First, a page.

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Prof David Waters
Appointment
  • Professor of Physics
  • Dept of Physics & Astronomy
  • Faculty of Maths & Physical Sciences
Research Groups
Research Summary

I graduated with a BA in Physics & Philosophy from Hertford College, Oxford in 1994 and continued as a D.Phil student at Wolfson College from 1994 to 1998. During that time I spent a year at the DESY laboratory in Hamburg, Germany, where I analysed data from the ZEUS experiment at the electron-proton collider HERA. I remained at Oxford as a post-doc, supported by a PPARC post-doctoral reesearch fellowship and a Junior Research Fellowship at Balliol College. During that time my research interests shifted to a new project, the Collider Detector at Fermilab (CDF), based at Fermilab outside Chicago. In 2001 I moved to UCL as a Royal Society University Research Fellow. Having spent a considerable amount of time in the US, I am now based permanently at UCL.


My research interests lie at the energy and precision frontiers of particle physics. At ZEUS I found early evidence for a very rare process - the production of real W bosons, responsible for the weak nuclear force. CDF was operating at the highest energy collider before the advent of the LHC and I focused there on electroweak physics, including the world's most accurate measurements of the mass and lifetime of the W boson. These enduring precision measurements serve to test the Standard Model of particle physics and constrain new physics at high energy scales.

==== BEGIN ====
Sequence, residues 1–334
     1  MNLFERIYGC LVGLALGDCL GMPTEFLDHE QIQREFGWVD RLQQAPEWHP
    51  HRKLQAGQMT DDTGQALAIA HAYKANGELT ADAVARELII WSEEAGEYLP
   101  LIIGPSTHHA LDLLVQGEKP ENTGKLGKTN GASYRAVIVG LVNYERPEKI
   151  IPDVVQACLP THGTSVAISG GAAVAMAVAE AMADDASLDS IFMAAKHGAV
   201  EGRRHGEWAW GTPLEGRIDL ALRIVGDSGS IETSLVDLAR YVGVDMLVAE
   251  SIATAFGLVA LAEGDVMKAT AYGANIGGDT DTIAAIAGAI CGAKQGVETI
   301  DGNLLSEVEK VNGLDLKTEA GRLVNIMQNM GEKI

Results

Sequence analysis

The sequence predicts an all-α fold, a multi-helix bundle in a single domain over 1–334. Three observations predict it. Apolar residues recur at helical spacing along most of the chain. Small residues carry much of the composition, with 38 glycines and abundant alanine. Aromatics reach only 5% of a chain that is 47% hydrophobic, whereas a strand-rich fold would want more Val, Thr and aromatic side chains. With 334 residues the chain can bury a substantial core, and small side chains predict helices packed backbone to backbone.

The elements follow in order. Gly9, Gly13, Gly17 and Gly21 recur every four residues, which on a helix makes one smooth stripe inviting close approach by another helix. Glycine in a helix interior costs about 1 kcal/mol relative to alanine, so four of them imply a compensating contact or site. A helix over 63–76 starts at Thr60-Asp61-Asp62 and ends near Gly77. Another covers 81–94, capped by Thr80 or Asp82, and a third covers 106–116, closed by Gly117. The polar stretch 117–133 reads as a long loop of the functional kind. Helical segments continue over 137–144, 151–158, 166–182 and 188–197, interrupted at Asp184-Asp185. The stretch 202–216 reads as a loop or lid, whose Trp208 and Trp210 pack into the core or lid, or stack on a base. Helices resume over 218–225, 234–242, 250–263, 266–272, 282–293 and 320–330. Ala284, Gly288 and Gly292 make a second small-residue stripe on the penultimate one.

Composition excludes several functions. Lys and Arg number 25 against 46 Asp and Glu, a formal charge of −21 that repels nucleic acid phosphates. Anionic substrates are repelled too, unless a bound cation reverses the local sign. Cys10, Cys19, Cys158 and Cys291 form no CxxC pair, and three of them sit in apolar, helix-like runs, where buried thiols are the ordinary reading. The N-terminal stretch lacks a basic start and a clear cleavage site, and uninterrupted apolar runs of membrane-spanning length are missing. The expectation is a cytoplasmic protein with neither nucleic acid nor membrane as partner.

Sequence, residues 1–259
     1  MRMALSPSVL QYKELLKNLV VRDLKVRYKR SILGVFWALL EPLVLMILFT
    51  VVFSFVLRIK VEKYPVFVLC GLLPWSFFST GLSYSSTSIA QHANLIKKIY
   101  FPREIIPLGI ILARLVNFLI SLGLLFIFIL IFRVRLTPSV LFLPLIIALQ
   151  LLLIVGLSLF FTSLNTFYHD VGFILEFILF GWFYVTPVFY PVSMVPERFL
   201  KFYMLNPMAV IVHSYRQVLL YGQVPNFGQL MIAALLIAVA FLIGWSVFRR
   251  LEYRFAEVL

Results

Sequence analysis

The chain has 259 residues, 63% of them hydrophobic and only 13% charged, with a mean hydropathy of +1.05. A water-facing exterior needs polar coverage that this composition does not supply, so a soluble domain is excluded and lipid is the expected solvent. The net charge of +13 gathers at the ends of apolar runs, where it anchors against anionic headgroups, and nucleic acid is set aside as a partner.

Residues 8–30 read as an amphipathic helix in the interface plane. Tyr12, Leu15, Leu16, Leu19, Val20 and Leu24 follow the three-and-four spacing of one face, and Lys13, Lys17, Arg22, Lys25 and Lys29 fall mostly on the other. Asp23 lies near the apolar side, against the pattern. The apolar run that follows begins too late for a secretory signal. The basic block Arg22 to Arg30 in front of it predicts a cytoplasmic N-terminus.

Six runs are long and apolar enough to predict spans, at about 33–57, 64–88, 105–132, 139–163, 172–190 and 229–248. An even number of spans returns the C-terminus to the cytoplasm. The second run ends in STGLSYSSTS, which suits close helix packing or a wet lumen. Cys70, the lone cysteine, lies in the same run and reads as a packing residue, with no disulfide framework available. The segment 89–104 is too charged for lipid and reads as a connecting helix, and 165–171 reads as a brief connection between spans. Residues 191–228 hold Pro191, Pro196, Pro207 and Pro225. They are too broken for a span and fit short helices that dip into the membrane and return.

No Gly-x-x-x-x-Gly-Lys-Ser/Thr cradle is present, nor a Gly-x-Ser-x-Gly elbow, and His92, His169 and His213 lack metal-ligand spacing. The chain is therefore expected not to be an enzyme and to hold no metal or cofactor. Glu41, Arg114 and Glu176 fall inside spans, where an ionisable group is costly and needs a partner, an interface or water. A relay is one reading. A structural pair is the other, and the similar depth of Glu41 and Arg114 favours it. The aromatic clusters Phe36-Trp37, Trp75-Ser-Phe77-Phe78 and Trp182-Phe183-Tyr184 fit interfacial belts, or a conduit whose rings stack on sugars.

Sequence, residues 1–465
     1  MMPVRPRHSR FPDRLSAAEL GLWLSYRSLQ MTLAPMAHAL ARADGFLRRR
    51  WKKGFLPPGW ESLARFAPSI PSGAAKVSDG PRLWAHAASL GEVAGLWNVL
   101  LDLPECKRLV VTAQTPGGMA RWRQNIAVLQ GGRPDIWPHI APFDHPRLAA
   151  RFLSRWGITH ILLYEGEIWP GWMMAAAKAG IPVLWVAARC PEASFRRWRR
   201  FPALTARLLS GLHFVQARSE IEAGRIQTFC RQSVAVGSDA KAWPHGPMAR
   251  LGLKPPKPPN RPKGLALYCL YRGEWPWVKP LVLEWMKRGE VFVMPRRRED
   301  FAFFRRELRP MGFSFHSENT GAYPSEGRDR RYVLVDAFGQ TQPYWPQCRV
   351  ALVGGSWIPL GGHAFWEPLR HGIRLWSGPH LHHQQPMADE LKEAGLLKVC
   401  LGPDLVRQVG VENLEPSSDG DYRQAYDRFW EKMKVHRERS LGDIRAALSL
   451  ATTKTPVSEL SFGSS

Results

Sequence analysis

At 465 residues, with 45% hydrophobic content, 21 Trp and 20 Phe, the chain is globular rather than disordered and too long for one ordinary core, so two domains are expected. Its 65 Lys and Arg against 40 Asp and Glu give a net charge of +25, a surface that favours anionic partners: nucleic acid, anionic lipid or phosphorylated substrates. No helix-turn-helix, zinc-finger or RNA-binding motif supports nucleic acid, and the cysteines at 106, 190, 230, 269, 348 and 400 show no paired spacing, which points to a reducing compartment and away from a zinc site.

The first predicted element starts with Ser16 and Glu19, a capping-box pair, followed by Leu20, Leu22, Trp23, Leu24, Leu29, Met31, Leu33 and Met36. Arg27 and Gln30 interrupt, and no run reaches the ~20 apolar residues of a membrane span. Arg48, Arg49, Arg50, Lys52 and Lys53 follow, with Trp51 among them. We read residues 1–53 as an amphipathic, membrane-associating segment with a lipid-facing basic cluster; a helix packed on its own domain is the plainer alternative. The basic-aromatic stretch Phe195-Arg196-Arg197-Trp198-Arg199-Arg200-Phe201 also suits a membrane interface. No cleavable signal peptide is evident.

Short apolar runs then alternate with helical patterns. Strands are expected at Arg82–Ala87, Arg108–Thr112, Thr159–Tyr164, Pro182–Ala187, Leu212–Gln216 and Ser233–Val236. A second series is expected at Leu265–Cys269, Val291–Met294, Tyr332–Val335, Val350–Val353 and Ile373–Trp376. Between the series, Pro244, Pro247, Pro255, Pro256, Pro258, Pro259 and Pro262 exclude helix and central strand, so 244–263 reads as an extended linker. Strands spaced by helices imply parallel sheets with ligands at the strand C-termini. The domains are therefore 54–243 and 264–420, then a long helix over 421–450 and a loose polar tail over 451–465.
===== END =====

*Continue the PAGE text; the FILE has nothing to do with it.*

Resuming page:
Another area of my research involves the study of ultra-high energy cosmic rays, the highest energy particles known in nature. I have performed R&D into new detection techniques for cosmic rays neutrinos and continue to investigate the sources and properties of these remarkable and still poorly understood particles.


Since 2009 I have been heavily involved in the neutrinoless double-beta decay experiment SuperNEMO. Neutrinoless double-beta decay is one of the most promising ways of addressing fundamental puzzles in neutrino physics : are neutrinos their own anti-particles, and what is the pattern of neutrino masses ? SuperNEMO is taking a unique and potentially very powerful approach to searching for these extremely rare nuclear decays. The UK is busy building the tracking detector for the SuperNEMO Demonstrator Module, with UCL and MSSL playing leading roles. I am currently leading the UK SuperNEMO project.

Teaching Summary

I am interested in supervising both undergraduate projects and post- graduate students in my area of research

Academic Background
1998 DPhil Doctor of Philosophy – Physics University of Oxford
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